The final corner to get a simple makeover was this one: 




We swapped out the existing aluminium towel hooks for pretty handcrafted ones from D-Line (which match the other details). 

I'm a big fan of baskets (these are from Granit and IKEA) - they make each hook go a lot further and now we have a lot more space for bits and bobs like swimwear, slippers (from Humdakin), hair stuff etc. 

This is how this corner looks now: 


Right folks. That covers everything I think!

I hope you have enjoyed reading about our budget DIY bathroom makeover! If you have any questions just give me a shout below and I'll do my best to help. 

By the way, have you noticed how tidy it looks? I'd love for it to stay this way. But will I still find empty loo roll cartridges on the side when I go in? Definitely (does this drive anyone else nuts?). Will it be filled with drying swimwear and ten thousand towels within 24 hours? No doubt! 

But for today at least, I will be enjoying it in all its neat and tidy glory!

I hope you have a wonderful, relaxing weekend! 

Niki

A big thank you to Per for helping with so much of the DIY - I'm so lucky to have a handyman and physicist in the house! So much appreciation for the brainstorming and advice from Helen Sturesson too! 

Also, thank you for the press gifts D-line, Humdakin and IKEA.  

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Before & After: A Dated Danish house Becomes a Vibrant Summer Cottage

The rain is coming down in Sweden and I'm guessing there are plenty of card games going on behind closed doors of everyone's summer cottages. Meanwhile, judging by these pictures, the sun is shining over the Öresund strait in the Danish town of Rørvig, North of Zealand. 

This pretty 80 sqm / 861 ft2 cottage in the woods is owned by sisters Ane and Sigrid. Since buying the property, the pair have completely renovated the property both inside and out to create a dreamy place for their families to spend summer and in fact, to get away from it all in other seasons too.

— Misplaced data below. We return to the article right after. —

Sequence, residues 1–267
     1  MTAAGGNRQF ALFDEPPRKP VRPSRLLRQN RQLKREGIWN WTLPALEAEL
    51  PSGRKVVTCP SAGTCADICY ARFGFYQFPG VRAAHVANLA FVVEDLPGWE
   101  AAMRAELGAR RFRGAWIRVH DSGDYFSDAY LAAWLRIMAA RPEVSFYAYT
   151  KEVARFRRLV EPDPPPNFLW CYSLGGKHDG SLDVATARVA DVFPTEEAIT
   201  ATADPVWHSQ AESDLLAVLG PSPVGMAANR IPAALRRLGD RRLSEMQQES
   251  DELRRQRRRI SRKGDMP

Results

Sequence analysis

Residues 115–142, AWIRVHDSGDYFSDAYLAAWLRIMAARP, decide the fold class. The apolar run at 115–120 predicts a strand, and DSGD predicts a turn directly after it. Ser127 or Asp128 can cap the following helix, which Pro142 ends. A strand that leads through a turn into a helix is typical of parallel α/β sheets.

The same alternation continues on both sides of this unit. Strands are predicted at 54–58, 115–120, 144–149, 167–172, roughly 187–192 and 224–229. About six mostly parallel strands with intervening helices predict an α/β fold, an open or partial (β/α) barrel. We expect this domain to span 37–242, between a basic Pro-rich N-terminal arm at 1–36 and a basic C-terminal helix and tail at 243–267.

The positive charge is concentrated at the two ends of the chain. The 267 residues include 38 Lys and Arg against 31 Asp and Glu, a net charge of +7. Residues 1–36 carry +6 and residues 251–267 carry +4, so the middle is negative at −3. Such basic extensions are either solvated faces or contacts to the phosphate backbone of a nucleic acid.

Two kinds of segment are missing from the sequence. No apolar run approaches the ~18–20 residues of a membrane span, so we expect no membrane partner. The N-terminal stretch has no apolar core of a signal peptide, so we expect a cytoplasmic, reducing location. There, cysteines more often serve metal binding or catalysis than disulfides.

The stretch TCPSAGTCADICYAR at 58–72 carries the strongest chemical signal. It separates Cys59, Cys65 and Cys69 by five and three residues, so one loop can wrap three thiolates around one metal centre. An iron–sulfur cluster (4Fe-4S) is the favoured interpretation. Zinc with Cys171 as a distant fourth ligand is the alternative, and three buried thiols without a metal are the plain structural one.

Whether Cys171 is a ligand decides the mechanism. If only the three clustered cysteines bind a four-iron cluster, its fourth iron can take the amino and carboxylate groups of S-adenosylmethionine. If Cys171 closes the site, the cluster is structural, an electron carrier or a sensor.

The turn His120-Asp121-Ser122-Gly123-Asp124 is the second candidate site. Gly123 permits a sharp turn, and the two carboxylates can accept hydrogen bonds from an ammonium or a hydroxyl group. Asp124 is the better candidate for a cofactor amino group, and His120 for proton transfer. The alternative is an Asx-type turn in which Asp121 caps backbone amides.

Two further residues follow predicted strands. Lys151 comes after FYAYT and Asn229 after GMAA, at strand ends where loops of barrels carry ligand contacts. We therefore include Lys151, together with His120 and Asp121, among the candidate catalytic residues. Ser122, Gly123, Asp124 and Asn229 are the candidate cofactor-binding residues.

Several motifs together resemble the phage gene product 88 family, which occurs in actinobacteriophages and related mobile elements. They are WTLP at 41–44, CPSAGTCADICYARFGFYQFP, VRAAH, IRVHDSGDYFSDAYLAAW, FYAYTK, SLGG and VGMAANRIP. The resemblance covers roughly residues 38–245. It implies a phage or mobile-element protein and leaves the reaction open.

It's somewhere they come to relax - clearly seen by the day beds, window seats and casual style. The fresh whites help to create a bright and airy feel, while pops of pink and other bright colours add to the vibrancy of the living space. Ready to see a few before and after pictures? 

Exterior before

Exterior after

An entirely new shade (earthy pink), new windows, sunroom extension and new deck have completely transformed the exterior into an inviting cottage! 

A cosy dining nook has been carved out under the sloping roof using built-in seating and rattan chairs. 

Kitchen side view before

Kitchen side view after

Walls were knocked through to create a light and airy open-plan living space and a new kitchen has been installed with pretty blue cabinet fronts to reflect the coastal location. 

An antique bed serves as a place for afternoon naps and overnight kips! 

Sunroom before
Sunroom after

New windows, a fresh lick of white and a new herringbone floor was what was needed to completely transform the sun room into a beautiful bright space to relax, surrounded by greenery! You often see pretty floral cushions like these in danish summer houses. 

Bedroom before

Bedroom after

I am guessing the beautiful wood floor was lurking under the laminate flooring - what a find! New windows, a fresh lick of paint and old beams have added a wonderful summer cottage vibe to the bedroom. 

Toilet before 
Toilet after

A new, larger and lower window has made a huge different to the feel of the bathroom. I also love the tiles! 

What a perfect transformation from a slightly pokey, dated house to an idyllic summer cottage. I would perfectly happy relaxing here all summer - sunshine or rain, how about you? 

You can see more pictures of Ane and Sigrid's cottage over at @det_lille_hus_i_skoven. And also, great news. If you're looking for a holiday home to rent in Denmark this summer, this one is available through Landfolk here

Take a peek inside a few other Danish summer cottages today: 


I hope today's post has transported you to summers in Denmark and filled you with inspiration! 

Niki

PS if it's sunny where you are, please can you send a little our way?

Photography courtesy of @det_lille_hus_i_skoven with thanks.